The Secret to Perfect Canvas Stretching

We’re often asked how to stretch canvas prints and make them look perfect every time. Our answer is boring but correct: practice, and the right tools.

Unless our clients request unstretched canvas, we offer canvas stretching services in-house. We’d never source this critical part of the finishing process out to a 3rd party vendor. We order each frame custom-made from a local Phoenix-based manufacturer. Each frame is assembled by our team of artisans with decades of experience.

Behind the Scenes: How Canvas Prints Are Stretched For Museum-Quality

Tools You May Need

Having a professional print shop with proper tools helps us deliver museum-quality canvas prints. Along with a large workspace canvas stretching tools we use include:

  • Canvas pliers – specialty-made pliers that have a wide and deep head with serrated gripping. Gives you extra leverage
  • Staple gun – commercial-strength staple gun that has enough force to punch through the wooden sub-frame
  • Canvas-safe clamps – clamps that can help hold the canvas in place without harming it

Step 1: Build a sub-frame for the canvas

We won’t go into a wood-working tutorial for how to build a frame but as you’re thinking about how to frame your canvas there are some considerations to know:

  • Canvas size and thickness – the bigger and thicker the canvas, the stronger the frame will need to be because it’s under higher tension
  • Frame depth – choose a depth that matches the scale of your art and keep in mind if you’ll want to frame the canvas after it’s stretched
  • Canvas profile – suspends the print so it floats over the frame and eliminates any “ghosting” of the bars
Stretching Canvas Prints explained!

Image Above is a Canvas Frame Profile

The “Profile” (see photo at left) also helps when we tension the fabric and staple it onto the frame. The smaller frames are stretched “as is” but with larger canvas prints, it is critical to add reinforcement struts/gussets so the frame won’t twist or warp under the tension of the fabric.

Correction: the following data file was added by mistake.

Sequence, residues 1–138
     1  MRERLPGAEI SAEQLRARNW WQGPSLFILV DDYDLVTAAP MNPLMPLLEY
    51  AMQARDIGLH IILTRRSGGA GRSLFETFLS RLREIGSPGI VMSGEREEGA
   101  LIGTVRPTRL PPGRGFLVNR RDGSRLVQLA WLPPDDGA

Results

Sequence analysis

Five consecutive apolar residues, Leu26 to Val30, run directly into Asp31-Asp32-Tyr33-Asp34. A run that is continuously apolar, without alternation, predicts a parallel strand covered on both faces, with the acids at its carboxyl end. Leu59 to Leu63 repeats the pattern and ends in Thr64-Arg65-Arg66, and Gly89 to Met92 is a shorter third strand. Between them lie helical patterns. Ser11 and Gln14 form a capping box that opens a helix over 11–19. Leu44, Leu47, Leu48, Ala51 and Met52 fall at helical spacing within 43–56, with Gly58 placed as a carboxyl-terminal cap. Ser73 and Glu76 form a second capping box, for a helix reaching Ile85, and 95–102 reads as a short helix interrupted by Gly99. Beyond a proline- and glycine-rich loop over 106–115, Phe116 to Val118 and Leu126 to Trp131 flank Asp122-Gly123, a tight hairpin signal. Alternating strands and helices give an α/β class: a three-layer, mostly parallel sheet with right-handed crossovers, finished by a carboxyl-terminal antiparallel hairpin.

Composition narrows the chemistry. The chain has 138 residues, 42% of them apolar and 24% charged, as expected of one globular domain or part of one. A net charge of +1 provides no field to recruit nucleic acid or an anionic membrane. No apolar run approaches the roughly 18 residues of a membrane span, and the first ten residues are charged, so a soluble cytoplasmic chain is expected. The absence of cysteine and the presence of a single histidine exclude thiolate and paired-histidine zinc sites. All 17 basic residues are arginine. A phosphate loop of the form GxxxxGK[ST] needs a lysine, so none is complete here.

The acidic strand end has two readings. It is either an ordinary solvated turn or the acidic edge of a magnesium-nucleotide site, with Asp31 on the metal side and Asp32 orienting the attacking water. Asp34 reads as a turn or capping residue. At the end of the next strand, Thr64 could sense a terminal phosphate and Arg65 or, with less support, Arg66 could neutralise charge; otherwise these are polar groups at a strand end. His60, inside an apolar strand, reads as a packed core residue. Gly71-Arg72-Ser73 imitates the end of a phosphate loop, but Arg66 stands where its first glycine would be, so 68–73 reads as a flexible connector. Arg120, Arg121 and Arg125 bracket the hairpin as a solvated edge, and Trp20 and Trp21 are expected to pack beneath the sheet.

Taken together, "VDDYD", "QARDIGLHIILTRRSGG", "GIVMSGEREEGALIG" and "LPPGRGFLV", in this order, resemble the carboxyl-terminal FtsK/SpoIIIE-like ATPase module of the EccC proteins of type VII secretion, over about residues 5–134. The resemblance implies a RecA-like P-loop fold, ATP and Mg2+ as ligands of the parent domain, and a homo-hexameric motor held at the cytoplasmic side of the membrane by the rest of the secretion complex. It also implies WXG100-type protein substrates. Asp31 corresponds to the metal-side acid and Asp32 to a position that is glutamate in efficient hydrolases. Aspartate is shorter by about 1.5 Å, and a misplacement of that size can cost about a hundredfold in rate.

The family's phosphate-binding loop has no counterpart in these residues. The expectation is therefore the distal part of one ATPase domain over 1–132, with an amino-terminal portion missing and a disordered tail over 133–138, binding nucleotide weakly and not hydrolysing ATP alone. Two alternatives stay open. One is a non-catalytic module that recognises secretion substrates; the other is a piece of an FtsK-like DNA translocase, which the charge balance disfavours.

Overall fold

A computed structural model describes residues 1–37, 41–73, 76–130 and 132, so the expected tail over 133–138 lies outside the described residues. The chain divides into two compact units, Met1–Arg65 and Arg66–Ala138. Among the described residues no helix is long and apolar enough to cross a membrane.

Our Latex-based inks will deliver an archival-quality print that will last for years, but it’s only as good as the sub-frame it goes on.

Step 2: Flatten the canvas on a picture-safe surface

This is where having the vast workshop space and professional framing equipment can help. For larger prints, it’s critical to have a large flat surface as your workspace. This ensures there are no wrinkles and that you to can get in the proper positions to affix the canvas to the frame. For this step, simply smooth out the canvas print and get it ready for the frame.

Step 3: Align canvas frame

If the frame has been precisely crafted and the canvas has been expertly printed, this part should be easy. It’s better to move slowly and be precise when aligning the canvas and frame so you don’t nudge the canvas while moving the frame into place. The modern latex-based inks for canvas are tough but you will still want to be careful.

The time-lapse video below is fun to watch, but in reality, it can take upwards of 30 minutes to do it right.

Step 4: Stretch and staple the canvas

Starting with the narrowest side first, lift and staple the canvas to the back of the frame. Typically a staple is put every two or so inches depending on the size of the frame.

Some tips to keep in mind when stretching canvas:

  • This is a middle-out process that is gradual, take your time
  • You can start on either side, though many prefer to start on the longest side first
  • Be sure to be pulling the fabric tightly to the right or left from this center point

Steps to stapling canvas:

  1. Start by stapling in the middle with two to four staples, equidistant from one another.
  2. Put the side you just stapled up against a surface and staple again, adding middle staples to the other side (this gives you leverage as you stretch).
  3. Repeat this process for the remaining two sides.
  4. Now that the four middles are stapled, repeat this process by adding one staple on either side of the middle staples on each side until you reach the last 3 inches of the corner.
  5. Use a standard or gallery wrap on the corners and cut the excess canvas.

We hope you find these little clips valuable and that it helps you understand just what goes into making a true, archival-rated canvas print.

To learn more about the product, please visit our website! Ordering is as easy as 1,2,3.